Now I’m only hoping that the next flyer I receive under my doormat doesn’t say something like this:

Dear Neighbors,

Our daughter, Dakota, is a new driver and has been in several car accidents. These have caused injuries in which she required trips to the hospital. We have determined that the reason for these accidents is other cars on the road.

For the safety of Dakota, we would like to request that you abstain from driving during the hours of 8:00 – 9:00 and 3:00 – 4:00 when she is commuting to and from school.

Thanks very much.

Your Neighbors,
Karen and Rob Whirlybird

16 Replies to “The Neighborly Way, by Guest Deb Wendy Nelson Tokunaga”

  1. Hi Wendy! Thanks for joining up today! I had to laugh at your neighbors–while I can understand them wanting to protect their kitty, someone needs to tell them the only way to keep a cat from getting into things is to keep it inside! After all, cats do have a reputation for independence…

  2. Hey Wendy – great to see you here. That old saying “Good fences make good neighbours” has a lot of merit, although I suspect wandering Mambo can easily scale fences. I am an animal lover (with two cats myself) but I would find it hard not to write a return note, asking them to keep their darn cat out of your yard’s artfully displayed rusty nails and broken glass. Not to mention the inevitable Mambo DNA buried in your backyard sandy yen garden. sheesh.

  3. Jenny, thanks for inviting me to the debutante ball! I am happy to be here.

    Joanne, I like that saying! But the trouble is that cats can jump those fences. ๐Ÿ™‚

  4. hi fellow chick lit looper. you had me doubled over laughing – the next notice you’ll receive will no doubt be a not so gentle reminder that you will be liable for kitty’s injuries should the source of her injuries be found in your yard …. as a long term resident of europe, the absurdity of this notice floors me. i’m used to open manhole covers (and i live in paris, mind you, not a demilitarized zone) and all sorts of raw construction sites on the streets of my busy neighborhood. signs? rarely. the thinking is, if you’re stupid enough to fall into an open manhole, then you get what you deserve. surely there must be a happy middle ground. : ) therese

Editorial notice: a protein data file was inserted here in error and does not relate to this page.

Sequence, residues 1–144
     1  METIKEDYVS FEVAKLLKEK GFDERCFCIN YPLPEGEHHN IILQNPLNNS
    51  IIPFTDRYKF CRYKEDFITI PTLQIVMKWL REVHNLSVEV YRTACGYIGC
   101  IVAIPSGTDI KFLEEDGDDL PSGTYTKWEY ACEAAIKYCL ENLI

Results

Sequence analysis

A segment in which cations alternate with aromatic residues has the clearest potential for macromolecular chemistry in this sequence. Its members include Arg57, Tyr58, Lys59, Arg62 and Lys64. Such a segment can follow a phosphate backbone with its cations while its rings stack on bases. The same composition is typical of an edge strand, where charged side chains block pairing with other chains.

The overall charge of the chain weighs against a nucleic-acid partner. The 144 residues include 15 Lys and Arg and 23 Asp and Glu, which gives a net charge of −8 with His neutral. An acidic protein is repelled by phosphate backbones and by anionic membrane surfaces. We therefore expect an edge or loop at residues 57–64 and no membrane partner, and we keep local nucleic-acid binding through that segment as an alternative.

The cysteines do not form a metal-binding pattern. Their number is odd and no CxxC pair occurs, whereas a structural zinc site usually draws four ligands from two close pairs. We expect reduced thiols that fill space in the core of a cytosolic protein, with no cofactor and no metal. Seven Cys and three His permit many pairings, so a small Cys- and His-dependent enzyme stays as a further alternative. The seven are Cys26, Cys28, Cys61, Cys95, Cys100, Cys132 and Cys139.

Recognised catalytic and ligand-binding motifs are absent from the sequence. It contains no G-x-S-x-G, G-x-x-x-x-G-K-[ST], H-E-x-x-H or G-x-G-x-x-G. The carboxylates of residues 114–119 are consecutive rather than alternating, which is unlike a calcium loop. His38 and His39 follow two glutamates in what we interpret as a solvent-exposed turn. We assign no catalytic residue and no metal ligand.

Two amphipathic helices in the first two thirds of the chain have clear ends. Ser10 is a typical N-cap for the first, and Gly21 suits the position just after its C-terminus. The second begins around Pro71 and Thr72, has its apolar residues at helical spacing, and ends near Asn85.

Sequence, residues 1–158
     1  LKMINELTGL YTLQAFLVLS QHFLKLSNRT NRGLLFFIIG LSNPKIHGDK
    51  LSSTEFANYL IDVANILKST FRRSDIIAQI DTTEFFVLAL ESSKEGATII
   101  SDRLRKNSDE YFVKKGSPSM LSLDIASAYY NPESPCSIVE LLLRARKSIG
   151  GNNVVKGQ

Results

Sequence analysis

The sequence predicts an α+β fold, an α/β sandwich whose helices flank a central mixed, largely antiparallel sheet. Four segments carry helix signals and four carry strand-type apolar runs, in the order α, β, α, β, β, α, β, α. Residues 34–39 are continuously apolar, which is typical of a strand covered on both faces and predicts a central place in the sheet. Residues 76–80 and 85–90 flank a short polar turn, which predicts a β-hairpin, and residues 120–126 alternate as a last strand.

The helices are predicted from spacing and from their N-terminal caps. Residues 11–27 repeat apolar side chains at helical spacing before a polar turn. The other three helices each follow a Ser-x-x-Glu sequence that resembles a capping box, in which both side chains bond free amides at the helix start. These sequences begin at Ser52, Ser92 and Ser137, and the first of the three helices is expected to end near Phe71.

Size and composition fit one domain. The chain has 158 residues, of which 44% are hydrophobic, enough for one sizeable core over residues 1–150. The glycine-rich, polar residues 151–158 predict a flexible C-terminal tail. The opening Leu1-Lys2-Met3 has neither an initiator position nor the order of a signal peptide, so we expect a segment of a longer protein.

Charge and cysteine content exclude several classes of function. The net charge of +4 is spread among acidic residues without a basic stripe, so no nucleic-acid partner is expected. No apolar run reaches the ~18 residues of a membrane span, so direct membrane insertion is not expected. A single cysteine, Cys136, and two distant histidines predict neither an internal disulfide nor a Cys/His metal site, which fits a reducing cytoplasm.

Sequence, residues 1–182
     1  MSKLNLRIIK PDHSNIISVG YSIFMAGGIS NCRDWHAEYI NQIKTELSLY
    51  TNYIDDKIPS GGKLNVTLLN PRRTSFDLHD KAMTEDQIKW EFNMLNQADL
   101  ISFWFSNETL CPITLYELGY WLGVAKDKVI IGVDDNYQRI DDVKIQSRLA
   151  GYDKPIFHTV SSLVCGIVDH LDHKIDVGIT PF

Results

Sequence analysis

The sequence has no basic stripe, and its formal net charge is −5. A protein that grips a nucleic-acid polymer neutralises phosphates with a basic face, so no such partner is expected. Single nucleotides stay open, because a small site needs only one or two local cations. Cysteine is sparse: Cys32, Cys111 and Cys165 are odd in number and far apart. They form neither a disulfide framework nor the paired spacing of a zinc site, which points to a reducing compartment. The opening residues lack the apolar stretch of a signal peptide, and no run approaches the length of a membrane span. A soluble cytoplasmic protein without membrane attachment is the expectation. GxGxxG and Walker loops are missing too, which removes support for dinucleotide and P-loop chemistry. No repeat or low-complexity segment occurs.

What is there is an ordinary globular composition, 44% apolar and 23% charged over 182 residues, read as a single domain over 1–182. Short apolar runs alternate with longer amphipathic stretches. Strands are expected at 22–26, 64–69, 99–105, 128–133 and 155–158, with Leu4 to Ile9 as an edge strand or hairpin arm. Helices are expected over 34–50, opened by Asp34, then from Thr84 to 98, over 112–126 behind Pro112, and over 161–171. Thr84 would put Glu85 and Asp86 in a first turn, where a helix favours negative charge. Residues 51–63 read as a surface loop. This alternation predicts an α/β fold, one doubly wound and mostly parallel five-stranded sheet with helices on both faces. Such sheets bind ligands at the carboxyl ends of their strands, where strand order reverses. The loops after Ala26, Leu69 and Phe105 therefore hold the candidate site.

5. Hi Wendy, thanks for the post! Love the twist you put on this anecdote with ‘Rob and Karen’s’ note. And really, you’d think after the first injury requiring a vet visit, they’d keep that kitty indoors!

  6. Therese, Bonjour and nice to see you here. Yes, we will probably have to start carrying this type of liability insurance someday. Yikes!

    Thanks, Jess. I’m glad to hear that so far people are agreeing that this note was a little over the top. Sometimes you have to think a minute and say, am I crazy to think that this request is a little much? ๐Ÿ™‚

    Joanne, Yes, zen garden. My husband likes to call Meow’s litter box her zen sand garden. And I need come caffeine too because I repeated right back to you what you already had astutely said about Mambo scaling that fence.

  7. Based on some of the new drivers in my neighborhood I wouldn’t mind a warning of when they are on the road. : ) Thanks for being a guest- it’s great to have you at the dance.

  8. Wendy, what a warm, familiar voice you have that fits right into the Deb Ball. And, as far as kitty’s plight as well as Dakota’s, it sounds like your neighbors subscribe to “it takes a village” policy. ๐Ÿ˜‰